| 14.4°C Dublin

Man arrested after Luke statue vandalised again


Statue was daubed with paint

Statue was daubed with paint

Statue was daubed with paint

A man in his 40s has been arrested after an €80,000 statue of late singer Luke Kelly was defaced for the seventh time in 19 months.

Blue paint was sprayed over the Vera Klute-designed sculpture, which was publicly funded, on Sunday evening.

Gardai investigating criminal damage said last night they had arrested and charged the man, who is due to appear in court this morning.

The sculpture was unveiled by President Michael D Higgins in January last year.

It is close to Kelly's childhood home at the corner of Guild Street and Sheriff Street at the mouth of the Royal Canal.

The North Wall Community Association condemned the latest attack and called for spiked railings to be placed around the statue.

It was erected after a 15-year campaign by Kelly's friend, Independent councillor Christy Burke, to officially mark the memory of the former member of The Dubliners.

Dublin City Council officials said they were considering the removal of the statue.

"Removal temporarily or permanently of the statue or finding an alternative site cannot be ruled out," a spokesperson said.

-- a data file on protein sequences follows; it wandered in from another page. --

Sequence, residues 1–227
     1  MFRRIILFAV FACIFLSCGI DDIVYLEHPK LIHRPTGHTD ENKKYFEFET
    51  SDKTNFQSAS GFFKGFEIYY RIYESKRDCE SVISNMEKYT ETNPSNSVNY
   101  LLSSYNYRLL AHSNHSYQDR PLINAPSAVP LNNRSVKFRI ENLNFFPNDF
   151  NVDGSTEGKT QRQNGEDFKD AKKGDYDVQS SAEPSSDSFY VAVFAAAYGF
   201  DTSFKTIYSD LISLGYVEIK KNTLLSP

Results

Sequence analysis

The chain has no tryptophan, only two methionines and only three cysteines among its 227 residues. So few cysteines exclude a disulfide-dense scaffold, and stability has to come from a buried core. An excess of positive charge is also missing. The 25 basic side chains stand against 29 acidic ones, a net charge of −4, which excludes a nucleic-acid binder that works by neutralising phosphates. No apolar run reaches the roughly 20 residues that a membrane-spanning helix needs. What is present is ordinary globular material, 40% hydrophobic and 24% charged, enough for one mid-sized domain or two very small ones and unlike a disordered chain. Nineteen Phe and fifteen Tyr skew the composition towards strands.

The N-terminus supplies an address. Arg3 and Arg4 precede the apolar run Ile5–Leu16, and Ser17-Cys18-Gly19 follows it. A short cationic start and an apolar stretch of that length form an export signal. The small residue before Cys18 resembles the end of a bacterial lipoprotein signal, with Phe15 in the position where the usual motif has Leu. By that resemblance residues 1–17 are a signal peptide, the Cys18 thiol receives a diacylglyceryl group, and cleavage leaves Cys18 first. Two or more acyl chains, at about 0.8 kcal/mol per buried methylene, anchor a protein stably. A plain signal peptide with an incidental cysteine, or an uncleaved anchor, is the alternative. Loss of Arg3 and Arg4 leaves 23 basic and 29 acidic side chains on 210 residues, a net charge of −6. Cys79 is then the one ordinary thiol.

"Dublin City Council notes with great disappointment the repeated vandalism of the Luke Kelly statue at Sheriff Street.

"The council is aware prosecutions for previous vandalism of this work are in train.

"Although aware of the high regard for the artwork locally, serious consideration will be given in light of the most recent attack to alternative ways of protecting this important work."


Kelly's family will be consulted about the statue's future.

The artwork was unveiled on the 35th anniversary of the singer's death on January 30, 1984.

The council confirmed that the statue has now been cleaned, but that the costs for this have now passed €3,000.

Local politicians are not commenting publicly on the latest incident.

However, one councillor said: "We are no longer going to feed the individual or individual's desire for publicity over the paint attacks.

"These attacks are a slap in the face for members of the late singer's family."

A source added: "Officials, once and for all, have to be guided by the family's wishes on whether the statue should stay where it is, levels of protection involved if that is the decision or whether it should be moved."

Last month, a second, privately funded Kelly statue, on South King Street, was vandalised with white paint.